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Purdue Northwest Pioneer

Student spotlight: Sarah Maddox

Kurt Urbanski, Staff Writer

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Sarah Maddox, senior communications major, is a student, leader and role model, and she is making the most of her experience at PNW.

Maddox graduated from New Prairie High School and transferred to PNW after initially studying culinary arts at the Illinois Institute of Art. She chose PNW because she felt it was a beautiful campus that was close to home and offered a hands-on, one-on-one teaching experience.

When Maddox started at PNW, she made it her goal to achieve good grades and be accepted into an honor society. Since setting that goal, she has received semester honors and made the Chancellor’s List multiple times. She is also a member of the National Society of Leadership and Success, the nation’s largest leadership honor society; secretary for Lambda Pi Eta, a communications honor society; and an active member of the American Sign Language Club.

“One of the things that I really enjoyed about the National Society of Leadership and Success was the speaker broadcasts,” Maddox said.

Maddox’s favorite speaker was Leigh Anne Tuohy and felt the broadcasts “were really uplifting and made me feel like I could accomplish anything because they were stories of people that started off just like us and are now successful.”

Maddox has demonstrated an interest in community involvement. In December 2015, as part of her Intro to Public Relations course, she helped organize a Relay for Life luminaria event at PNW to raise money for the American Cancer Society. The event featured testimonials from students and faculty, and guests had the opportunity to decorate luminaria bags to show support for those battling cancer.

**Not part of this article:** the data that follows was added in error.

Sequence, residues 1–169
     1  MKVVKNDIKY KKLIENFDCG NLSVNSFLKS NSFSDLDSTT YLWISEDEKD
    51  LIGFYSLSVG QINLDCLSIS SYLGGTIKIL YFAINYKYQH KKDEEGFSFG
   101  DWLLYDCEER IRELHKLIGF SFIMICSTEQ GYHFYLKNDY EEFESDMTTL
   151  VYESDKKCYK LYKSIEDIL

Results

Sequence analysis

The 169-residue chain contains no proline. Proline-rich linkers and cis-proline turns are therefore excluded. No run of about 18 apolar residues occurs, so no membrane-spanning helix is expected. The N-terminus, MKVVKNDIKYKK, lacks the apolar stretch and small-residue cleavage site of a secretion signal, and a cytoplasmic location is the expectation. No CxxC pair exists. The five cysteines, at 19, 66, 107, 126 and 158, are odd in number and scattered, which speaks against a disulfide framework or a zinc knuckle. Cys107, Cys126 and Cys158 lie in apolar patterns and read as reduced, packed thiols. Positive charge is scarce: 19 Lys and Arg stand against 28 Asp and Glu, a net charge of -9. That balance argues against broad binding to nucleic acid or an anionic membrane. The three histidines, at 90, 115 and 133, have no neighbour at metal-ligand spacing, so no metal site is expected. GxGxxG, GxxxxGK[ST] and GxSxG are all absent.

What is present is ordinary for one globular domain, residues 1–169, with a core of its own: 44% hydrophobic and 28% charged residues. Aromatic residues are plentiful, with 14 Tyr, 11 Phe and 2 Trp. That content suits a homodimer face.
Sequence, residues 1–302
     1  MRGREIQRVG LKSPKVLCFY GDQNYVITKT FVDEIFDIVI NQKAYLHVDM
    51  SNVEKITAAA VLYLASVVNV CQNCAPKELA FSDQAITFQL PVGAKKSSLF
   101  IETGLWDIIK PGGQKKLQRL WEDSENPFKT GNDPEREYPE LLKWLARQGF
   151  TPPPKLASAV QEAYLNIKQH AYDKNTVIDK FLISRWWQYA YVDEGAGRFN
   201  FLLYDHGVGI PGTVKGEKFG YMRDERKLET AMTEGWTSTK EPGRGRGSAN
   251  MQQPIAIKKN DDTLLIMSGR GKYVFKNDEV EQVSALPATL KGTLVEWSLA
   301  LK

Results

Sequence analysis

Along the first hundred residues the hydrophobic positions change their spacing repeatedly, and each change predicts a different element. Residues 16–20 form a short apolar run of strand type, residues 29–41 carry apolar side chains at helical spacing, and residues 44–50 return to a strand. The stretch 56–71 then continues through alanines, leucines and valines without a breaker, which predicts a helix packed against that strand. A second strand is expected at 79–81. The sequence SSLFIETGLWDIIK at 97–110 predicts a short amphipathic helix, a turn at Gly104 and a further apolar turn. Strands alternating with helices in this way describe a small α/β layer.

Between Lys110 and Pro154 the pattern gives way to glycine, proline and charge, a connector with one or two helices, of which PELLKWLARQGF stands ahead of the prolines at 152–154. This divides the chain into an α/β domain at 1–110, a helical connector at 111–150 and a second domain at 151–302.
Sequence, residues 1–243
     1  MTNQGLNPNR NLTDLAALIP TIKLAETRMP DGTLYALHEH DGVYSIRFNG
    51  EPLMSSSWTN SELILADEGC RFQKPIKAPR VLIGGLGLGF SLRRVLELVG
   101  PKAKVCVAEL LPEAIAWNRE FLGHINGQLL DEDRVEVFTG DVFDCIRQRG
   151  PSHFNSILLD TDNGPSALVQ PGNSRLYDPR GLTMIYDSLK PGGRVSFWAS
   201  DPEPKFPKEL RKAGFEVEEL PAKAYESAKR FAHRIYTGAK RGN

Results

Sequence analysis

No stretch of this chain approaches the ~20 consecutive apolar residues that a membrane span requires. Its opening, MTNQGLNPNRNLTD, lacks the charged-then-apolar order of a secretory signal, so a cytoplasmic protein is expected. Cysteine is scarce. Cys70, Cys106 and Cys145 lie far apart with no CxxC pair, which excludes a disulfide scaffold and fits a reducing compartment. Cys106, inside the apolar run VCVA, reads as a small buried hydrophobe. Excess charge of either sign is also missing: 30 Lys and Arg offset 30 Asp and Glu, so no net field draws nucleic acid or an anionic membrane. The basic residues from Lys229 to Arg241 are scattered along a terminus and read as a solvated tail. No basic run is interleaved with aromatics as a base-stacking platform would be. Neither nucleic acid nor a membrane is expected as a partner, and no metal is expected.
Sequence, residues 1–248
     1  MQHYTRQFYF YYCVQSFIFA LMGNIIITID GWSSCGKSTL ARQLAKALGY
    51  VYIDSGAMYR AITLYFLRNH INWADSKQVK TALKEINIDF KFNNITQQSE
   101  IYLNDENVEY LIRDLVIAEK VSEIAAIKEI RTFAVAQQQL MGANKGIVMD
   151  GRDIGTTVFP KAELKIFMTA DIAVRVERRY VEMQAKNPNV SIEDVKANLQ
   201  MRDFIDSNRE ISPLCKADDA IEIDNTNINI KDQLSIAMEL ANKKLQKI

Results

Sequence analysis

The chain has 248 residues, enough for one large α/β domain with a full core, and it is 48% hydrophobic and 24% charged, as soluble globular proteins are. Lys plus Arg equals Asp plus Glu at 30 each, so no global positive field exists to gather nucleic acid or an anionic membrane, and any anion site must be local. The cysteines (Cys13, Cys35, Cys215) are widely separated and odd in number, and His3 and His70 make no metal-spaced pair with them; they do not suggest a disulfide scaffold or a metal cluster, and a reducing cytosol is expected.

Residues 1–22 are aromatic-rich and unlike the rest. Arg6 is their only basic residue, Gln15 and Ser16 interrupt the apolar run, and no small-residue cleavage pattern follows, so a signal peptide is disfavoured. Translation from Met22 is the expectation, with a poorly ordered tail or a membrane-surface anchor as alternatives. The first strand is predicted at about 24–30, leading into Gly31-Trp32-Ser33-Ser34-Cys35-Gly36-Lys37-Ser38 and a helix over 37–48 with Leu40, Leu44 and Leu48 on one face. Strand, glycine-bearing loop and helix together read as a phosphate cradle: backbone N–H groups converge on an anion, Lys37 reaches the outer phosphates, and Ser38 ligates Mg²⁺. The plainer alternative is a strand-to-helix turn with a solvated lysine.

During the Fall 2016 semester, Maddox was an intern for Indiana Dunes Tourism. While working there, she assisted with advertising and hosting the Indiana Bicentennial Torch Relay in October as the torch passed through Porter County. Also, in conjunction with the American Sign Language Club, she hosted a game day for deaf members of the community. Hearing and non-hearing youth were invited to the Indiana Dunes Visitor Center, where they learned nature signs, played games, and signed Maddox’s story “Once Upon a Christmas at the Indiana Dunes.” Maddox said the ASL Game Day was her favorite event.

“It gave me the opportunity to test everything I’ve learned in the classroom. I really enjoyed seeing the community come together to learn a new language,” Maddox said.

As a communication major, Maddox has developed a close relationship with Carrie Higgins, continuing lecturer of communication. Maddox is a supplemental instructor for Higgins’s Fundamentals of Speech class. Higgins said Maddox is obviously passionate about her field based off of her interactions with the students.

“I have also really enjoyed watching the evolvement of her appreciation for how much time and effort faculty actually expend while teaching our students. Her enthusiasm for school is refreshing and continues to inspire me to deliver the highest quality instruction,” Higgins said.

Higgins said Maddox remains positive despite the effort it takes to keep up with everything she works on.

“No matter how much she is stressed, as all college students are, Sarah has a smile on her face and a positive outlook on how to problem-solve almost anything,” Higgins said.

As part of a service learning project this spring, Maddox, Higgins, and a group of communication students helped build a new dog park at Pine Elementary in Michigan City.

“[Maddox] always goes above and beyond to ensure our community partners in these projects get the highest quality of experience with our PNW students,” Carrie said.

In her spare time, Maddox enjoys hiking, kayaking, cooking and photography. She recently started her own photography business, titled “We Just Click Photography.”

After graduating from PNW, Maddox plans to pursue a career in event planning, marketing or public relations. She is thankful for her experience at PNW, and her advice for future students is “don’t be afraid to reach out to your professors and ask for help. They are there to help you.”

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